Playing with Shadow Puppets

I'll admit it, my job is the best. I play with art materials all the time for publication and then I get to take a break and share creative fun with kids in our community. This week our One World, Many Stories theme inspired my Bali Shadow puppet workshop. This ancient art has been practiced for centuries, as a way to honor religious beliefs and share folklore stories.

We didn't use the traditional materials of hide and bamboo rods, instead each child was given a quarter sheet of black poster board. We also passed out two to three dowel rods that were 1/8" in diameter and cut to twelve inch lengths. We had hole punches, brad fasteners and clear packing tape on hand to connect the pieces together.

My sample puppets were loosely based on traditional puppet images. The male puppet is wearing a horn shaped crown, and a decorated loin cloth. The female puppet is also royalty, she's wearing a traditional skirt and has a stylish hair do. I always encourage children to create their own patterns, the head should touch the top of the poster board and the feet the bottom. The four unconnected arm pieces, two upper arms and two lower arms,  fit on either side of the body. All the pieces need to be thick enough to accommodate the hole punch. When I'm working with groups of fifty children or more I often bring templates for those who aren't comfortable creating their own design.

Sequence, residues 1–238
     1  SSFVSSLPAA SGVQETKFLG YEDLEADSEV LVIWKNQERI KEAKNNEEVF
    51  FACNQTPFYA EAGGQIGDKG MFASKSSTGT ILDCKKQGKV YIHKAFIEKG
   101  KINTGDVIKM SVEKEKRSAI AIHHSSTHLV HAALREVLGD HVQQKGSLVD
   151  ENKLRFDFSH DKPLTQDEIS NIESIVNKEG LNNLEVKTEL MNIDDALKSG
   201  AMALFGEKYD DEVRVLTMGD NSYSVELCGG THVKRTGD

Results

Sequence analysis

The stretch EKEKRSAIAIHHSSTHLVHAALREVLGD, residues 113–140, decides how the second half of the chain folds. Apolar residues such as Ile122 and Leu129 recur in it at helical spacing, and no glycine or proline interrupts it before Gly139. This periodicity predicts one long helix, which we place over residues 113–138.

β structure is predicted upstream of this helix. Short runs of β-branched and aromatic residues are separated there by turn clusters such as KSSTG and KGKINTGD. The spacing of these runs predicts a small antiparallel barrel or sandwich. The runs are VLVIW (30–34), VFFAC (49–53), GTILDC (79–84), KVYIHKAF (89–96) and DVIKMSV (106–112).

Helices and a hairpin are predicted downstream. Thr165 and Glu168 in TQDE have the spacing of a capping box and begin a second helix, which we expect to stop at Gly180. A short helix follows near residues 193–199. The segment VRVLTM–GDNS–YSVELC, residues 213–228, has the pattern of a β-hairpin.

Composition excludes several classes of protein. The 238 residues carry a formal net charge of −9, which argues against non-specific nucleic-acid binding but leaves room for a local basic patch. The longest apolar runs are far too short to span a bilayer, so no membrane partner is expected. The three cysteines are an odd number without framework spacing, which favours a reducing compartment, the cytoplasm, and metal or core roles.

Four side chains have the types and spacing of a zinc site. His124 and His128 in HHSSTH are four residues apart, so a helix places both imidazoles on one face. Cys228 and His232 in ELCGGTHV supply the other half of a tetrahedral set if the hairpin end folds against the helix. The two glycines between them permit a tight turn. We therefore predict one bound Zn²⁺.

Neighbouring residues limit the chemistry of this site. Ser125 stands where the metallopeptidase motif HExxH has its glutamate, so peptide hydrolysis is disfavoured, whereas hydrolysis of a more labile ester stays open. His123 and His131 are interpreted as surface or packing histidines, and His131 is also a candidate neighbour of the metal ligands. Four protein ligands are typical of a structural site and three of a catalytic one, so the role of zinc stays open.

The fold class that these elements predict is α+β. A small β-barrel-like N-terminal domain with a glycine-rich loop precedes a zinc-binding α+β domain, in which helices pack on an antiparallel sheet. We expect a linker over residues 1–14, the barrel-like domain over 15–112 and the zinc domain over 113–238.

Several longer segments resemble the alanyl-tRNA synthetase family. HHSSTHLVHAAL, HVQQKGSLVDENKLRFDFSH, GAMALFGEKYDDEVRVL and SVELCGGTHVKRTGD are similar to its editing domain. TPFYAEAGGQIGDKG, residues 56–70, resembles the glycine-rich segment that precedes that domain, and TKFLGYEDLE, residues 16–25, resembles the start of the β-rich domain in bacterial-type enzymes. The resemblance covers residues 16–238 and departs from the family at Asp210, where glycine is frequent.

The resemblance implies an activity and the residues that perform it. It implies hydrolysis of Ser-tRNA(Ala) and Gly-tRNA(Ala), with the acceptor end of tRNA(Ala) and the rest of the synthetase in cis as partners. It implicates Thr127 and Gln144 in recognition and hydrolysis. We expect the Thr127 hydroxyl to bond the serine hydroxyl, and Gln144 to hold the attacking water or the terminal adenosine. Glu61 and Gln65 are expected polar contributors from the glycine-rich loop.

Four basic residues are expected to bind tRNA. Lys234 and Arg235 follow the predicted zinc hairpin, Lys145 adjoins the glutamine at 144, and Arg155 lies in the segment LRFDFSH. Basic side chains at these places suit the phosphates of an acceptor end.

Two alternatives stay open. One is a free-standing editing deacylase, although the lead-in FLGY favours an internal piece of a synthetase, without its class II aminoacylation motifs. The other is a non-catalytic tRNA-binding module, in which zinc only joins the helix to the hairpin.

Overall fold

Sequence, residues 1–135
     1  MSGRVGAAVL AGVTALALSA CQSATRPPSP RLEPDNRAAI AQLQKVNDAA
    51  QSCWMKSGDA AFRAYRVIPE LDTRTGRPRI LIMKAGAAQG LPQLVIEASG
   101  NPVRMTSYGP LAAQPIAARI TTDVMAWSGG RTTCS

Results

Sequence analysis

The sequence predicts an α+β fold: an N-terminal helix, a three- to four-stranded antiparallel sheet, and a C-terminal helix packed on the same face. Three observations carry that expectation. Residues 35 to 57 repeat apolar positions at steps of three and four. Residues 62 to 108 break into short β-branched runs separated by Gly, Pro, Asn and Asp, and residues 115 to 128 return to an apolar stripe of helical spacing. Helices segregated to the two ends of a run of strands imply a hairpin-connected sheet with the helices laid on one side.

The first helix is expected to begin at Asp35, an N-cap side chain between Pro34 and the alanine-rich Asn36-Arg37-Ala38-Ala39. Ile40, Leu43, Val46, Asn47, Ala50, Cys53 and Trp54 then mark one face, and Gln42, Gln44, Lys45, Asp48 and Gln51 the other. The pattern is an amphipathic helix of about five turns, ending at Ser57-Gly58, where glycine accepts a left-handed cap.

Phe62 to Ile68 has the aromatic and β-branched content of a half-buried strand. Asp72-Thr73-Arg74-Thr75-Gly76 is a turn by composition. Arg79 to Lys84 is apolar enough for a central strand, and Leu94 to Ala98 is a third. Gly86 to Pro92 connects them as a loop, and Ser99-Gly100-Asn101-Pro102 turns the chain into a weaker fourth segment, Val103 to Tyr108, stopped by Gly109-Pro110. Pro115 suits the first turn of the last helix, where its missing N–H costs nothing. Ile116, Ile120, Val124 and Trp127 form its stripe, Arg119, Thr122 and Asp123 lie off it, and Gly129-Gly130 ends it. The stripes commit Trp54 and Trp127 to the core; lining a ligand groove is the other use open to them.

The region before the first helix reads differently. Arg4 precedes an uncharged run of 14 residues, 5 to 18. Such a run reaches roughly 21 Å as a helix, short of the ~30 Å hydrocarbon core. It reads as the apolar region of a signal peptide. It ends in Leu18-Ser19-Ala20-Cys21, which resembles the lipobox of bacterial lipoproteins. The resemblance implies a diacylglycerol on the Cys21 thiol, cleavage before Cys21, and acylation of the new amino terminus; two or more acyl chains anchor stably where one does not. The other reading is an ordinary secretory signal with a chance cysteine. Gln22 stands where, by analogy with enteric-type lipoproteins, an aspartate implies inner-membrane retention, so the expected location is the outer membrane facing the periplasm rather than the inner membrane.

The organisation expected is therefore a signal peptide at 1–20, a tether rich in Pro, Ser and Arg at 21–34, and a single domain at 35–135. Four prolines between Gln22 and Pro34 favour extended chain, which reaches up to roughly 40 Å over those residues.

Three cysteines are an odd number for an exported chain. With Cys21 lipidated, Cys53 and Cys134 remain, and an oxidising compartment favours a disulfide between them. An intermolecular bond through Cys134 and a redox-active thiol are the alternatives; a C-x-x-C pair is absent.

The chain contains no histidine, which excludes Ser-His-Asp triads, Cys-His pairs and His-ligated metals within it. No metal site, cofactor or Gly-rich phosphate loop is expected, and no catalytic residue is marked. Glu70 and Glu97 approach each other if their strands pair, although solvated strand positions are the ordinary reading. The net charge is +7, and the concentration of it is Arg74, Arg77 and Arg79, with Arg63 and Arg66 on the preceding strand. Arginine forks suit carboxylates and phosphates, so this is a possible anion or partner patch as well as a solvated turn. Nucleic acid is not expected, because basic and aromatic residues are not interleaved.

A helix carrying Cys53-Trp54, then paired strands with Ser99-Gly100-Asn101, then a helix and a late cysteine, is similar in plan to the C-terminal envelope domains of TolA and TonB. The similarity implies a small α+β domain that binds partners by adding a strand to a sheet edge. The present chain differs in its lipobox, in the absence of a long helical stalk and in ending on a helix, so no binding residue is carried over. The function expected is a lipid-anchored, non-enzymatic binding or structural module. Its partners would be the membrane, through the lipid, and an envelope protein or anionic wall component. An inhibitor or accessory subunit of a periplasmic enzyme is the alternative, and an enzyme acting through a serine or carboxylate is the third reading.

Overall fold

After the body and arms are sketched onto the poster board the cutting begins.

Holes need to be punched through the shoulder of the body piece and the shoulder of the top arm piece. Brad fasteners join the pieces together while allowing movement.

The elbow connection also requires two punches, one in the base of the upper arm and another in the top of the lower arm. Once you've fastened them together repeat on the other side.

This is a great parent and child project, love to see big and little hands creating together!

Turn the puppet over and use a strip of packing tape to adhere one dowel rod to the bottom of the body and the other to the lower arm.

Decorative hole punching along the top of the puppet lets more light through and makes the shadow more interesting.

The moment we were all waiting for, the puppets worked! The kids had so much fun playing with them I wish I was able to record video. We had arranged the tables in front of the window bays to take advantage of the natural light. Translucent (inexpensive) plastic table cloths were taped to the table top and carpeting to make a stable screen.

Here's a happy puppeteer with her very own puppet design!

This wolf puppet casts a foreboding shadow.

So glad I got a shot of the creative action behind the screens.